There’s no need to carry out calculations as the Revenue system will carry out all the calculations based on the details you input from the relevant electricity and/or gas bills – relating to both reference and claim periods.

The system will generate the reference unit prices and claim unit prices based on the information you have supplied.

Further details on the scheme and how the Temporary Business Energy Payment is calculated are provided in the document: Guidelines on the operation of the Temporary Business Energy Support Scheme (TBESS).

What documents are required to make a claim?

A portal on ROS is open for registration and claims now. The scheme operates on a self-assessment basis; you’re not required to submit any documents when making a claim.

However, when you or your accounts person is signing up for the scheme and/or submitting a claim, it’s worth having the following documents to hand as you’ll be required to input some of the details into the system:

If you don’t have an energy bill for the reference period because your business is new, has expanded into another location or relocated and has a new electricity or gas account, you can use a ‘deemed reference unit price’ instead of the reference unit price.

A list of deemed monthly reference unit prices for electricity and natural gas has been provided by the Sustainable Energy Authority of Ireland and published in the latest version of the TBESS guidelines.

You should retain all documents related to your claim including details of the business activity, tax clearance and energy bills – for the reference period and claim period – as Revenue may request these at a future date.

The names and addresses of the businesses that use the TBESS will be published by Revenue, which includes total amounts that have been claimed.

How much can businesses claim as part of the scheme?

The amount of support available will be 40% of the increase in the electricity and/or gas bill amount, subject to a monthly cap of €10,000. With the proposed changes the support available will increase from 40% to 50% of eligible costs from March 1st.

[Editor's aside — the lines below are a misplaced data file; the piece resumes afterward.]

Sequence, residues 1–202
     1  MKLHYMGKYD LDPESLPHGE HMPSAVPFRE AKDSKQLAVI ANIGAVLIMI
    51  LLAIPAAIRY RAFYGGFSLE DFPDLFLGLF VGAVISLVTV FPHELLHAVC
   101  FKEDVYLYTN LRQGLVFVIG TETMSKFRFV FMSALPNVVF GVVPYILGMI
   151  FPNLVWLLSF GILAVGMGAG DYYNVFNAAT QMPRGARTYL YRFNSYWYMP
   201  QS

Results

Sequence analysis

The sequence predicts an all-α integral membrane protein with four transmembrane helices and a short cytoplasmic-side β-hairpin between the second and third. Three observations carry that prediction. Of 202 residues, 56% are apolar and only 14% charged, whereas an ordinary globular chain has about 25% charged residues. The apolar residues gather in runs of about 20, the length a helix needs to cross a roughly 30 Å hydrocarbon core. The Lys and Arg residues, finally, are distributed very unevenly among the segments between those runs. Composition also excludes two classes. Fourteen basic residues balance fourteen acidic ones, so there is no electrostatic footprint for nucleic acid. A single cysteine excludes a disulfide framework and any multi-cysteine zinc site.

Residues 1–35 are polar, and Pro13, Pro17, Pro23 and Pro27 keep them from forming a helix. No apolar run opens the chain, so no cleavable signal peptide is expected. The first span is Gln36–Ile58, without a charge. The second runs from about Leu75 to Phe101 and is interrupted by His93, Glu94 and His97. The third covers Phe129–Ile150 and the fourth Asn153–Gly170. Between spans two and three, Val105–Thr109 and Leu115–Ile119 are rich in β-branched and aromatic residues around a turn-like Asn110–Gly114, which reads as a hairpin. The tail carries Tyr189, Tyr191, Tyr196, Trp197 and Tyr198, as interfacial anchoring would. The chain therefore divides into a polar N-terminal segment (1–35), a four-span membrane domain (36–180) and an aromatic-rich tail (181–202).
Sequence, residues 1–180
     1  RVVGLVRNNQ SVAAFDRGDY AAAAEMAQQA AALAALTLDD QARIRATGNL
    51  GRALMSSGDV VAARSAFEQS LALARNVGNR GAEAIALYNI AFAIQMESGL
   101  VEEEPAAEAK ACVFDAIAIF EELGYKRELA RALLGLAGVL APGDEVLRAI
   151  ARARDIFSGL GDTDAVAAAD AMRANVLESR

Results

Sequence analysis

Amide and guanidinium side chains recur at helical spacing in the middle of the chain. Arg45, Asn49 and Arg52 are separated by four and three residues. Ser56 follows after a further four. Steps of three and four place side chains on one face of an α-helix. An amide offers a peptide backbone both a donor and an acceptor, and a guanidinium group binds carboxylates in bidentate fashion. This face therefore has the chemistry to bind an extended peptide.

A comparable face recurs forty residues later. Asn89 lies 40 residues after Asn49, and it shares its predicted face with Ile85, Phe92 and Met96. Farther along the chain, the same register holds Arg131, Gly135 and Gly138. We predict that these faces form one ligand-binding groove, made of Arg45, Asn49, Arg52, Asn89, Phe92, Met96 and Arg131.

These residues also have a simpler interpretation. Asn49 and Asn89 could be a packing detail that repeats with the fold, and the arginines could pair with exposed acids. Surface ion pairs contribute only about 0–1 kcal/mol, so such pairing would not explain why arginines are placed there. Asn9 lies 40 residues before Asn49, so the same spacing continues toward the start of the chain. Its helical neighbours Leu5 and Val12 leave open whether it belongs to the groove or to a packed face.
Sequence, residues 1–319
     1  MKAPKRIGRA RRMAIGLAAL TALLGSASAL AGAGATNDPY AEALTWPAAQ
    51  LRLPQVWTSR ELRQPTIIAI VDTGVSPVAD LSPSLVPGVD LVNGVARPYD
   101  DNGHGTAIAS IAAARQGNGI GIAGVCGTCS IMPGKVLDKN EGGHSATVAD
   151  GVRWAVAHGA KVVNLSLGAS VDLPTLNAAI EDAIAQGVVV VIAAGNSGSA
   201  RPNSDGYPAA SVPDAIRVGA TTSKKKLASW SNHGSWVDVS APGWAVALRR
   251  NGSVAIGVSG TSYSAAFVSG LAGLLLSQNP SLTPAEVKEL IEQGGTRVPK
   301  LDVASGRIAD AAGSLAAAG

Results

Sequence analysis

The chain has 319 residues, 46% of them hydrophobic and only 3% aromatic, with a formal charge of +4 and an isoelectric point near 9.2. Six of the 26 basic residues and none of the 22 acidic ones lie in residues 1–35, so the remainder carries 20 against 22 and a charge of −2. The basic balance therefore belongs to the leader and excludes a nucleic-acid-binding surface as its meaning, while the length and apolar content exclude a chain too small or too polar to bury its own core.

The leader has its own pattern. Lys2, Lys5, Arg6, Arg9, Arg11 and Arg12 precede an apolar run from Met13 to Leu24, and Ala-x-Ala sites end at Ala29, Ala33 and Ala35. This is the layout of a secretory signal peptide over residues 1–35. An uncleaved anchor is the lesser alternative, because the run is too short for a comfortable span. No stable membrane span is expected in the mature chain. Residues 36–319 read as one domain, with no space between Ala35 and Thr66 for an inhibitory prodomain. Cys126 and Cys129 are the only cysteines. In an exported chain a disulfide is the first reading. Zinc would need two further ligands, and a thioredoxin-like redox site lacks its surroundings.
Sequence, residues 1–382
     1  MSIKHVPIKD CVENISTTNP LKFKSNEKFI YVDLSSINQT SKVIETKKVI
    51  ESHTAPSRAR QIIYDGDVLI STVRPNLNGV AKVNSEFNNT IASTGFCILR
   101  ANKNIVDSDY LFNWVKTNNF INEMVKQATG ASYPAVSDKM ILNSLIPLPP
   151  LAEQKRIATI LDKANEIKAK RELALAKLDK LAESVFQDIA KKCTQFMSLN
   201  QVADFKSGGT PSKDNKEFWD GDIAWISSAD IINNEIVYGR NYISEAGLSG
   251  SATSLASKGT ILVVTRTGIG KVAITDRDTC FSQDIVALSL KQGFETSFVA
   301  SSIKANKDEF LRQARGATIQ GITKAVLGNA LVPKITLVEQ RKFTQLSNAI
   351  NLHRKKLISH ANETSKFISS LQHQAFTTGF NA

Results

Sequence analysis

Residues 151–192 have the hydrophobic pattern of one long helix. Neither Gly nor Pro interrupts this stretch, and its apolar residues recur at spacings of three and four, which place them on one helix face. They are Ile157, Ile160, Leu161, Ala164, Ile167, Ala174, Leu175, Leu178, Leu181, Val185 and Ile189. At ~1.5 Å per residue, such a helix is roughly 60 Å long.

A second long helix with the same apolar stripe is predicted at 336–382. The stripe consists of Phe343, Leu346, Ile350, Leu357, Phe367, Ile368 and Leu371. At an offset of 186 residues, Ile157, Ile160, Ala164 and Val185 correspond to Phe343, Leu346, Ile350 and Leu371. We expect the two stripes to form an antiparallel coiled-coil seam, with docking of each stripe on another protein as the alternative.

The payment will also rise from the current €10,000 to €15,000 per month per trade or profession from next month.

It’s possible for the limit to rise by €10,000 for each electricity account – this is subject to an overall monthly limit of €30,000 for each qualifying business. This overall cap will increase from €30,000 to €45,000 where the business is carried on from more than one location.

A unique meter point reference number (MPRN) identifier is required for each electricity account – and the MPRNs need separate electricity supply addresses.

More information on how to assess whether a business is eligible for multiple payments – with examples – is provided in the scheme guidelines referred to above.

What do the payments mean for tax purposes?

Businesses that receive any payments under the scheme must include the amounts when preparing their accounts.

Any payments you receive under the TBESS will reduce the amount of eligible expenditure – which includes fixed costs such as rent, insurance, energy and wages – that can be deducted from your income and will affect the tax due from your trading profits.

For information on the Temporary Business Energy Support Scheme, or on our audit and business advisory services please contact Deirdre McDermott.